MAUNGDAW, Myanmar: “We want to live peacefully like other communities in Myanmar. We don’t need to be discriminated (against)," 51-year-old Dil Mohammed shouted from across barbed wire fencing in the "no man’s land" area between Myanmar and Bangladesh.
However this is no simple task, especially in violence-stricken Maungdaw in Myanmar's nothern Rakhine state.
More than half a year after militant attacks in Rakhine state led to a government crackdown which saw more than 700,000 Rohingya Muslims fleeing to neighbouring Bangladesh, northern Rakhine remains under tight security, with only authorised personnel allowed to travel there.
The United Nations (UN) on Friday (Mar 16) launched an appeal for nearly US$1 billion to care for Rohingya refugees in Bangladesh, while also emphasising that efforts should continue to secure their safe return to Myanmar.
However during a media trip to the area, Maungdaw district deputy commissioner Ye Htut refuted UN accusations that the government had carried out "ethnic cleansing" in the region.
"We have no intention of hiding anything, and that’s why we invited the media into the area," he said.
The media trip came days after Amnesty International said that Myanmar was building security structures on top of razed Rohingya villages, casting doubt on the country's plans to repatriate refugees.
When Channel NewsAsia visited the area, various parts of Maungdaw were turned into massive construction sites scattered with heavy machinery.
Bulldozers and excavators could be seen levelling the ground, while workers were seen paving newly constructed roads and erecting new structures.
One Rohingya who had not fled Maungdaw told Channel NewsAsia he suspected officials were covering up evidence of deaths.
He did not know the "intention of clearing out some villages", but said there were "no old structures left".
"It’s just plain land now as they bulldozed the area. I think they are possibly clearing some of the (evidence of) deaths.”
The remnants of razed villages with charred ground, burnt household belongings and blackened bamboo door frames could be seen in the area.
However others welcomed the construction.
Ethnic Rakhine farmer Thway Hlaing, 25, told Channel NewsAsia that militants had destroyed his house seven months ago, but that he would soon move into a brand new house made of aluminium, steel and wood built by the government.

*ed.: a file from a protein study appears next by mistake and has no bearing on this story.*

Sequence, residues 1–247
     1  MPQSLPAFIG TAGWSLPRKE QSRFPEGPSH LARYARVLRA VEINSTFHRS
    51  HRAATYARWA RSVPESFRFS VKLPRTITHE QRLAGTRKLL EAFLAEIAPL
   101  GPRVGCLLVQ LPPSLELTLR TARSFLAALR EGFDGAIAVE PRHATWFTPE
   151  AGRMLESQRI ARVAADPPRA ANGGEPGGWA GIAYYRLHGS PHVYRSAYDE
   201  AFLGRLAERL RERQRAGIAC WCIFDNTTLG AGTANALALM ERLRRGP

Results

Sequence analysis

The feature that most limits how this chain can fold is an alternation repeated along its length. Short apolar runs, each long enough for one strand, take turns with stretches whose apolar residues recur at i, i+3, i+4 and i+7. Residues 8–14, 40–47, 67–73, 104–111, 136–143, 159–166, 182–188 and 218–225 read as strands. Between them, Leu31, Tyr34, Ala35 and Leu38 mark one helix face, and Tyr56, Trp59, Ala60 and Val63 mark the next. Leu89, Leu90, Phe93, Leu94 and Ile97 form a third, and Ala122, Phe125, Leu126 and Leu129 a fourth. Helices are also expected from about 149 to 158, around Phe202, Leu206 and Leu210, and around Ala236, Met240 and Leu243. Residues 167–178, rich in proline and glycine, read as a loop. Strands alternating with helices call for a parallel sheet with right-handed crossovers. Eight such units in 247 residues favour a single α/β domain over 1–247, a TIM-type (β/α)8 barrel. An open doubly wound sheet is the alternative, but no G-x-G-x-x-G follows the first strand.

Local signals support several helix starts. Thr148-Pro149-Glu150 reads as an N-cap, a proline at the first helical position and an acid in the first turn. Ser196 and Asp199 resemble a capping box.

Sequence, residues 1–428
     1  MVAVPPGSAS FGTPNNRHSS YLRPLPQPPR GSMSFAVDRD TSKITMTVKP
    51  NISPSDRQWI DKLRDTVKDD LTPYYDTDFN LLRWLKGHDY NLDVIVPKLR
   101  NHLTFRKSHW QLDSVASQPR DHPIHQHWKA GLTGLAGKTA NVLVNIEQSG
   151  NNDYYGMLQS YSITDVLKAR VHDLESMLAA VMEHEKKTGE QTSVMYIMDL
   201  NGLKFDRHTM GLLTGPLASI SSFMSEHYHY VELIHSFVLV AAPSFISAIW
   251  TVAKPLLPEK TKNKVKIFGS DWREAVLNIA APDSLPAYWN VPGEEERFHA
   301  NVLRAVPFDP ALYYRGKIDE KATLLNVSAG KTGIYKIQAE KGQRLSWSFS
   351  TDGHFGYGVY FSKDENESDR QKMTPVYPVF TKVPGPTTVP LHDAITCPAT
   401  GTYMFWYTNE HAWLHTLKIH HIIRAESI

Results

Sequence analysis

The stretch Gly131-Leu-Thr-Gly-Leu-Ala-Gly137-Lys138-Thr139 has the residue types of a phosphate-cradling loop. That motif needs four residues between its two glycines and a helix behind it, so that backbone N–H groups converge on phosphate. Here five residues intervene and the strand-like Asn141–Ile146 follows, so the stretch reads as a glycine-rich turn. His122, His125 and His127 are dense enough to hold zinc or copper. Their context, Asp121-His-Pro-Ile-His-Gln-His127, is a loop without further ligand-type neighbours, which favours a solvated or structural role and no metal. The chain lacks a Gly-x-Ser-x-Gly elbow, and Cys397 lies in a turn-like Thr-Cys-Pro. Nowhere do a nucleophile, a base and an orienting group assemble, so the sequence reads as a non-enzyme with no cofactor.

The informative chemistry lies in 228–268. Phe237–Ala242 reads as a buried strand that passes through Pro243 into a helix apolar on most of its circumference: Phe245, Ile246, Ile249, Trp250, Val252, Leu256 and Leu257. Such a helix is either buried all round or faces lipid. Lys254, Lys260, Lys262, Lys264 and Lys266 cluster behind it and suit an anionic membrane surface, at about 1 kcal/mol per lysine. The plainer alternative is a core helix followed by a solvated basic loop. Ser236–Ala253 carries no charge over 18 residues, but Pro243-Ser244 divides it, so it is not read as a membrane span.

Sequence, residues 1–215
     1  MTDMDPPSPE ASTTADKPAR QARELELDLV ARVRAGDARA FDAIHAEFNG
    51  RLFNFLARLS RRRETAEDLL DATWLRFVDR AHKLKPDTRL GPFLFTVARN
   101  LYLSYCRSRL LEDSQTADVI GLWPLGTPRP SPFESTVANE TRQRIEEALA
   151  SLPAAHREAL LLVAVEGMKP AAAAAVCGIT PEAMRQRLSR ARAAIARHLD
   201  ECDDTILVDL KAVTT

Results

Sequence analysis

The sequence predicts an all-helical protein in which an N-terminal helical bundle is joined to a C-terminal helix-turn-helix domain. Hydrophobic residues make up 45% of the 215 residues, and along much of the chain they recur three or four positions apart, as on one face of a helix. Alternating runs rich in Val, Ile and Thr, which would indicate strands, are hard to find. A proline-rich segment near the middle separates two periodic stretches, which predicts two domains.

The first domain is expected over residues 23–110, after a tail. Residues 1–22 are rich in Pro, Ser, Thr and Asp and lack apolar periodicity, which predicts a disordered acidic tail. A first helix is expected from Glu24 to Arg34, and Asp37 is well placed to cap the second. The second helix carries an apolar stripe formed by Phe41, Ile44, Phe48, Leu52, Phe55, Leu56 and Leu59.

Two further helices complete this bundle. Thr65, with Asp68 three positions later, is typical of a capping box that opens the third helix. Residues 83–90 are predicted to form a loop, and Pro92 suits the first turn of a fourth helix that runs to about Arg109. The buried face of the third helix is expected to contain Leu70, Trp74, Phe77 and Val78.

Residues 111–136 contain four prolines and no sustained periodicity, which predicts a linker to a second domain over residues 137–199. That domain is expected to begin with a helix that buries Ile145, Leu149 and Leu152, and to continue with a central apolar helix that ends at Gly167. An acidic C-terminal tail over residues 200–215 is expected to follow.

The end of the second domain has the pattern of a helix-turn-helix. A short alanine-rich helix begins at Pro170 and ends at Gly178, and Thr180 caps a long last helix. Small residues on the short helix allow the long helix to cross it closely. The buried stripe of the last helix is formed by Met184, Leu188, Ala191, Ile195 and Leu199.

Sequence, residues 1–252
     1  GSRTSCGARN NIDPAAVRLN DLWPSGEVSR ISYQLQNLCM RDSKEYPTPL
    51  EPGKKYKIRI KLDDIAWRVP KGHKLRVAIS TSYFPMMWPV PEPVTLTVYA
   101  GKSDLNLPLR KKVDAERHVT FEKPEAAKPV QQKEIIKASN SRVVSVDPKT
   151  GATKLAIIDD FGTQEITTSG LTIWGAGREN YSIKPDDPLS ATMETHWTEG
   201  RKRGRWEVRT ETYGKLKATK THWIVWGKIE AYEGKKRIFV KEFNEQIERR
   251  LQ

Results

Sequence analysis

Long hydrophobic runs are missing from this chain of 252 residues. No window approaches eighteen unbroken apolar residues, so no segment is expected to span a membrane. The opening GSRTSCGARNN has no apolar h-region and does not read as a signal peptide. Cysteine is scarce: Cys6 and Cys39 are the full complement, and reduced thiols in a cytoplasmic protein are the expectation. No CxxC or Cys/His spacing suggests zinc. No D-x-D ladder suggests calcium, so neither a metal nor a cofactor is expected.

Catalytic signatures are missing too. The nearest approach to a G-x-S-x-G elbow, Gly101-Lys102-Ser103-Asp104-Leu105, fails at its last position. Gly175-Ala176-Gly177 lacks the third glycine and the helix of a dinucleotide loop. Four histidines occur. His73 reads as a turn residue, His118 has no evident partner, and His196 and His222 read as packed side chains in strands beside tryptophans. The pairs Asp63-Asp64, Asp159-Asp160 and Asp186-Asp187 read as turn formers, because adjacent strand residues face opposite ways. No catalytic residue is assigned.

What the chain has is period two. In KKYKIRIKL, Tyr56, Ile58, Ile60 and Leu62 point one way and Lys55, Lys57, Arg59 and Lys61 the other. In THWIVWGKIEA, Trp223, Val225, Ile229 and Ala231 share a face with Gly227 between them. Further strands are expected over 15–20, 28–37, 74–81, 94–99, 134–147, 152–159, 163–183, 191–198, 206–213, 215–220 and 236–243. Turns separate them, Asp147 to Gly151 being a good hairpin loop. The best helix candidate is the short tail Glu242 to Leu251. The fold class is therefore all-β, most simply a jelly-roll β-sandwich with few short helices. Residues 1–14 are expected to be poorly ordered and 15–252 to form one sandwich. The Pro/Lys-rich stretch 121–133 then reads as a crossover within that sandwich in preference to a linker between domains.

The father of three said he had never lived in such a house before, and said he liked the look of the new homes.
However he added he did not want to live with the Rohingya again.
"I'm scared. I think such attacks will happen again but I don't want to see such incidents anymore," he said.
Ye Htut said there was no longer any trust between the different sides.
"Back then, there were Rohingyas working in the Rakhine people’s farms but now there is no more trust between them," he said. "The Rakhine people do not hire them anymore and the Rohingya become unemployed.”
Another Rakhine local, Khin Maung Kying, told Channel NewsAsia that previous attacks were "frightening".
"It is important to not repeat such attacks when the Muslims return because the previous incident was very frightening. I don’t want to experience it anymore. I welcome them if the Muslims want to live with us peacefully.”
"WE ARE NOT BENGALIS"
Dil Mohammad, a Rohingya who fled Myanmar and who now lives in a makeshift tent in no man's land between Myanmar and Bangladesh, said that the Rohingya had "no intention to enter Bangladesh."
"We are not Bengalis."
Myanmar does not recognise the Rohingya as citizens, calling them illegal Bengali immigrants. So far, it has approved the return of 374 individuals to Myanmar, constructing reception centres and transit camps to accommodate them.
However no refugee has taken up the offer to return.
Ye Htut blamed the Arakan Rohingya Salvation Army or ARSA militants for thwarting the process.
"Both Bengalis (Rohingya) and Hindus have concerns about the repatriation process," he said. "ARSA is interfering (with) the process. They are threatening to kill the returnees.”
However Dil Mohammad said that in order for the Rohingya to return, Myanmar had to recognise them as "ethnic Rohingya Muslims".
"We are citizens. Citizens of Myanmar," he said.
"IT'S TOO LATE," SAY PEOPLE IN RAKHINE
In the village of Inn Din, south of Maungdaw, some locals said it was "too late" to live together with the Rohingya.
Tun Win, 29, told Channel NewsAsia that militants had killed his father last August.
"In my heart, I don’t have an idea how to live together with the Muslim people because it’s too late," he said. "It hurts me to think what happened to my father."
The village of Inn Din was where a mass grave of Rohingya victims was found. Authorities had confirmed the discovery in January, and said that those found guilty would be prosecuted.